>I waited in line at the famous Ottomanelli butcher today for my fresh Thanksgiving turkey. One waits in a long line, and while you wait, you scan the butcher paper to find your name. I found mine just as I was called up to the counter; # 225. I know the butcher, Pete, and his brothers, Mike and Joe. They have fed me on a regular basis since I lived in the Village when I first moved to NYC after college, and I have continued to find my familial feast food from them for nearly four decades. I am sure they believe they are partially responsible for my healthy children as they plied me with chicken livers, or tiny roasts and pork shops ready for stuffing.
While Pete was asking me if I had the bike and needed him to carry the 29 pound bird or to heft it into my bike basket, the man next to me, a rather nice looking regular grown up with a slight “other” accent realized he had left his wallet and had only 28 bucks in his pocket.
“Oh I can loan you the money,” I piped up, “and you can mail me a check.”
Pete said, “Do you know him?”
“Well no, but if you can’t loan neighbors money at this time of year, we are all lost, right?”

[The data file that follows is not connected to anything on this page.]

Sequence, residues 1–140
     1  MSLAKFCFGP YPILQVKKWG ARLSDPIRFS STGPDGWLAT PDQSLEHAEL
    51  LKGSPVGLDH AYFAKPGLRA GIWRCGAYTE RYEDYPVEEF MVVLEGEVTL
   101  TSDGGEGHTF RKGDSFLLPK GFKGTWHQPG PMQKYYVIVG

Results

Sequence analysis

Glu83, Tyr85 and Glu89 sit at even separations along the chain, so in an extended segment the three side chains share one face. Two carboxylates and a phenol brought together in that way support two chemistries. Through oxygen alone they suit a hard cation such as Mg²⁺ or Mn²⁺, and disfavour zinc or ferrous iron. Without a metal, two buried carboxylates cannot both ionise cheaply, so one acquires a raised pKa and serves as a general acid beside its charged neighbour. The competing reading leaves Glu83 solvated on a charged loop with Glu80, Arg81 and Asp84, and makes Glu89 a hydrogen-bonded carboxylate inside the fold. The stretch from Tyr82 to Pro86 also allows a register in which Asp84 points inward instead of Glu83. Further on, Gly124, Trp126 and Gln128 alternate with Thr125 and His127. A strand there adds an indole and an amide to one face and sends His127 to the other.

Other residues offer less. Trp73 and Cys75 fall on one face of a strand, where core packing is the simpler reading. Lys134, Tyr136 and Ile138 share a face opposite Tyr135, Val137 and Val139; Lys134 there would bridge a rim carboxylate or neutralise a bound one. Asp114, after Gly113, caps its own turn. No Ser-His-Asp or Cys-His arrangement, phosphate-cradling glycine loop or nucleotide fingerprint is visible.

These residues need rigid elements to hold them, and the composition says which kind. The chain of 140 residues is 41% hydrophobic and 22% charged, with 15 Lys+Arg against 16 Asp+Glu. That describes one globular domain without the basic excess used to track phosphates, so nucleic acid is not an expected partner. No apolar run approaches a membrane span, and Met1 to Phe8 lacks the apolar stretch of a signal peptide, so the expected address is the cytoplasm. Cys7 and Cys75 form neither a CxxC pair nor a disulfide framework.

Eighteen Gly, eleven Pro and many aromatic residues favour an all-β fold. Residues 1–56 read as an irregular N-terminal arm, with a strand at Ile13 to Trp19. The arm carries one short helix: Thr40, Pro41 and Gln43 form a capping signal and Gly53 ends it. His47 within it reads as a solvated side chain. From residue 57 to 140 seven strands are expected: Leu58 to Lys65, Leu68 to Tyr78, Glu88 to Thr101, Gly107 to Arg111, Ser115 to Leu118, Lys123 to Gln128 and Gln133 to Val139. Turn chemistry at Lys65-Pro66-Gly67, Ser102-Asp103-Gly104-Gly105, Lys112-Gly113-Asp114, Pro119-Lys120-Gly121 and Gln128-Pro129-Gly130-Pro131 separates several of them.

I gave the guy 30 bucks, he took my business card and told me his name was Alex and that he worked in some real estate office on Hudson Street, did I want to follow him to his office to get the loan?
I wanted to go and get the rest of the stuff on my list and then hunker and read or write and polish silver and see if I might even craft an introduction to the book I am writing about finances for artists. Lots on my list, even more extra-imagined things I could do as no one is home. It is just me until tomorrow, when my husband comes trundling in with our son, back from college.
After I enlisted the help of some random man on my block to hoist my bike with turkey and sausage and sundries, too heavy for me to struggle onto the loading dock, (see one good turn deserves another) well, once finally inside and my old bike unburdened, I made a sandwich and sat down to read the seemingly depressing New York Magazine article on “Loneliness.” Instead my own interaction seems to be the norm in my City. People do reach out, they make puttering and helping and bumping into an art form. It seems in general people are less lonely in cities because of all the random interactions. I was my own little test case. And while I do hope Alex sends me my three tens, I also hope that whoever overheard us, will be emboldened to give the next loan or whatever other kindness they care to share.
A tiny gesture to begin a season of more simple pleasures in this time of recession.